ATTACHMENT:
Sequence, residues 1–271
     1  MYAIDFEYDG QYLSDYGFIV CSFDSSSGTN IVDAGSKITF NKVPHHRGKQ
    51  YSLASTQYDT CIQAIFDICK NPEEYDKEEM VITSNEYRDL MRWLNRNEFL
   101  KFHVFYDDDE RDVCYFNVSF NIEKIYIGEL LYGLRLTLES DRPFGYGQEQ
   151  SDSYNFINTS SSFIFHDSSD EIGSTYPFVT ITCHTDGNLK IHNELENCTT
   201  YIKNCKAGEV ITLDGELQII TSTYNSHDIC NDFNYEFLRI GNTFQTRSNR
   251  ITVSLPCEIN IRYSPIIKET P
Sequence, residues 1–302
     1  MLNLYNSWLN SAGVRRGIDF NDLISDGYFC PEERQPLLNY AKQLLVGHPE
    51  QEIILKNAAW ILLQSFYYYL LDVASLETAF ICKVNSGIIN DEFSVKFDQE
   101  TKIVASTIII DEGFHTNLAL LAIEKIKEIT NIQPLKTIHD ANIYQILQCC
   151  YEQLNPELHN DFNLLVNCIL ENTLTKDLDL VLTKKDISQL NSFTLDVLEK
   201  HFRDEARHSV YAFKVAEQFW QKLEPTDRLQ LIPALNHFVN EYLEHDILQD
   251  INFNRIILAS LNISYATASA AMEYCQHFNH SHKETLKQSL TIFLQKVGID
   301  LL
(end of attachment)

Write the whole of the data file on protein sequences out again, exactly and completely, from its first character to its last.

Sequence, residues 1–271
     1  MYAIDFEYDG QYLSDYGFIV CSFDSSSGTN IVDAGSKITF NKVPHHRGKQ
    51  YSLASTQYDT CIQAIFDICK NPEEYDKEEM VITSNEYRDL MRWLNRNEFL
   101  KFHVFYDDDE RDVCYFNVSF NIEKIYIGEL LYGLRLTLES DRPFGYGQEQ
   151  SDSYNFINTS SSFIFHDSSD EIGSTYPFVT ITCHTDGNLK IHNELENCTT
   201  YIKNCKAGEV ITLDGELQII TSTYNSHDIC NDFNYEFLRI GNTFQTRSNR
   251  ITVSLPCEIN IRYSPIIKET P
Sequence, residues 1–302
     1  MLNLYNSWLN SAGVRRGIDF NDLISDGYFC PEERQPLLNY AKQLLVGHPE
    51  QEIILKNAAW ILLQSFYYYL LDVASLETAF ICKVNSGIIN DEFSVKFDQE
   101  TKIVASTIII DEGFHTNLAL LAIEKIKEIT NIQPLKTIHD ANIYQILQCC
   151  YEQLNPELHN DFNLLVNCIL ENTLTKDLDL VLTKKDISQL NSFTLDVLEK
   201  HFRDEARHSV YAFKVAEQFW QKLEPTDRLQ LIPALNHFVN EYLEHDILQD
   251  INFNRIILAS LNISYATASA AMEYCQHFNH SHKETLKQSL TIFLQKVGID
   301  LL